Exercise and Diabetes
Controlling your diabetes involves monitoring your blood sugar daily and getting plenty of exercise. Exercise has important benefits such as managing your blood sugar, improving your overall fitness and reducing your chances of having a stroke or heart disease. You should exercise for 150 minutes a week. The exercise should be moderately intense. It is important to remember also to make sure that you are checking your blood-glucose levels regularly, whether you use Contour test strips or Prodigy test strips.
Exercise for Diabetes
Exercising with diabetes depends on your overall health. For example, if you have nerve problems in your legs and/ or feet, your physician may recommend exercises that you can do while sitting like chair exercises. Other exercises that won’t place too much stress on your legs and feet include swimming and rowing. A majority of physicians recommend participating in aerobic exercise to help your heart and lungs. Types of aerobic exercise include:
• Aerobic dancing
Are There Any Risks Involved in Exercising?
Yes, there are some risks to exercising when you have diabetes. For instance, exercising changes how your body reacts to your current dose of insulin. When you exercise on a regular basis your more susceptible to sugar lows, or hypoglycemia after you finish exercising. You can diminish your risk by hypoglycemia by checking your blood sugars before and after you exercise, using products such as Prodigy test strips or Contour test strips—depending on what meter you have. If you experience a high or low prior to exercising, you should wait until your levels improve. For example, general diabetes guidelines suggest that your blood sugar level shouldn’t be lower than 100 mg/dL before you exercise. Another way to decrease this risk is by asking your physician to recommend what your blood sugar levels should be before and after you exercise.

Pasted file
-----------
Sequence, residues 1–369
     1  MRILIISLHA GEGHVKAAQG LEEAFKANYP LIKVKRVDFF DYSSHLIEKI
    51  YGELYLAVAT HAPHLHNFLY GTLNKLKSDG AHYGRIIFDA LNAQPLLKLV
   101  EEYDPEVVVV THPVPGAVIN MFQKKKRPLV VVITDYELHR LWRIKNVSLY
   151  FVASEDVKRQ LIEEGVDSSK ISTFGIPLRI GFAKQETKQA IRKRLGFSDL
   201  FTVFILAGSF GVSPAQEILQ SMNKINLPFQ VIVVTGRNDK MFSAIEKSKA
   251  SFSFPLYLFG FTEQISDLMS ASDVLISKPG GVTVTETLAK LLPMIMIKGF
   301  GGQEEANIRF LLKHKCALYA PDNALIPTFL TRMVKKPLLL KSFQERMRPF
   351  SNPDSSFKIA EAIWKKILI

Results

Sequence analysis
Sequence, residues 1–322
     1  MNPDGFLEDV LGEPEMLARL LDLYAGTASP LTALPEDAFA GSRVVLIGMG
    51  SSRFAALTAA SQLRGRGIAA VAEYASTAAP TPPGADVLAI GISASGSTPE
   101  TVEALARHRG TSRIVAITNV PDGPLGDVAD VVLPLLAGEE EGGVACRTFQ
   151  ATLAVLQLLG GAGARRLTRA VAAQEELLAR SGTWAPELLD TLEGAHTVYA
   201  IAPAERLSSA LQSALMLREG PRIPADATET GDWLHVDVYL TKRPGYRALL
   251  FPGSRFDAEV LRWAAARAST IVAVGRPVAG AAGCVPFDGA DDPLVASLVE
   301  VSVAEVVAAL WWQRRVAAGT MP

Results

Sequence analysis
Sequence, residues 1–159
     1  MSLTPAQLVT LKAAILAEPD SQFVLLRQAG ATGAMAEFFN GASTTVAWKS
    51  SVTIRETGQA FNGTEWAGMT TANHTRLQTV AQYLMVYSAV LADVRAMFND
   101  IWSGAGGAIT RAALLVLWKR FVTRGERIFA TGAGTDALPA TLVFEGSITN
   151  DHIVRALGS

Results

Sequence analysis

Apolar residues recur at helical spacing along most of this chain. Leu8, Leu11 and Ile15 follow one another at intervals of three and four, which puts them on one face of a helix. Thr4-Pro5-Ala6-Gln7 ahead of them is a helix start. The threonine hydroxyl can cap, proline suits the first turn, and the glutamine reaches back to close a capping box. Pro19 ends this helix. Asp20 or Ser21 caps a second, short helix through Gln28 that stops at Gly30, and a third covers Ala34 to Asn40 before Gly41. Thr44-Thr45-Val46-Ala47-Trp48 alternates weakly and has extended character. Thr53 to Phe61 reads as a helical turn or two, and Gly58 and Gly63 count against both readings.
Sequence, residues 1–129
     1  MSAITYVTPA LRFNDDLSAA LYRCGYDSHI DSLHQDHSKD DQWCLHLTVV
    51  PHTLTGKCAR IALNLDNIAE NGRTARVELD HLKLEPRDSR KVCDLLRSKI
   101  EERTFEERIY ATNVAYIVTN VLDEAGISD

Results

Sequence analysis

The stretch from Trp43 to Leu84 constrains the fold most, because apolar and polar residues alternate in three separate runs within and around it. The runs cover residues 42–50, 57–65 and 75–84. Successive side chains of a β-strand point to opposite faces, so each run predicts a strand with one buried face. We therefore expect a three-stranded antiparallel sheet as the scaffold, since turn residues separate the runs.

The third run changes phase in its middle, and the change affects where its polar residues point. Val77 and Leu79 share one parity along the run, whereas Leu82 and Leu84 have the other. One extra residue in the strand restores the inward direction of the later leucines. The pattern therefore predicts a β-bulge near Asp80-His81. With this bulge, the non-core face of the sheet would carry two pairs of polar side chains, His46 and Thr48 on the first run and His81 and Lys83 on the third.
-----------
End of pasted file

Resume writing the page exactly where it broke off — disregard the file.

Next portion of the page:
You are at risk for experiencing hypoglycemia while you’re working out. This can sometimes make people feel that exercising is doing more harm than good. Remember, exercising is good for you. You just have to pay attention to how you feel while exercising and know hypoglycemia symptoms such as:
• Sweating more than normal
• Feeling a change in heartbeat
Always get plenty of rest while exercising. Once you feel thirsty, you probably already dehydrated. So always drink water before, during and after you exercise to avoid becoming dehydrated.
To Do Before You Start Your Exercise Plan
Now you’re ready to exercise and help beat your diabetes. However, there are some things you need to do to prepare such as:
• Talk to your physician. You want to know the right exercises for you based on your health and diabetes
• Monitor your blood sugar level about 30 minutes before and after working out
• Look at your feet for any sores or blisters prior to and after working out
• Wear the right shoes and socks. You never want to wear shoes or socks that will harm your feet or cause you to injury yourself while working out
• Drink plenty of water before, during and after working out
• Complete a warm up before you exercise and cool down after you finish. Warm up and cool down exercises include gentle stretches for about 10 minutes
• Make sure you have a snack ready in case you experience hypoglycemia
Regardless of the exercise program you start, always begin the program gradually. You don’t want to injure yourself. Slowly increase the intensity and length of your workout. Always talk to your doctor about your workouts, and make sure that you check your blood-glucose levels to make sure you’re staying within a healthy range—so keep stocked up on the supplies for diabetes that you’ll need to test.
- What Diabetes Supplies Should You Purchase? 29.02.2016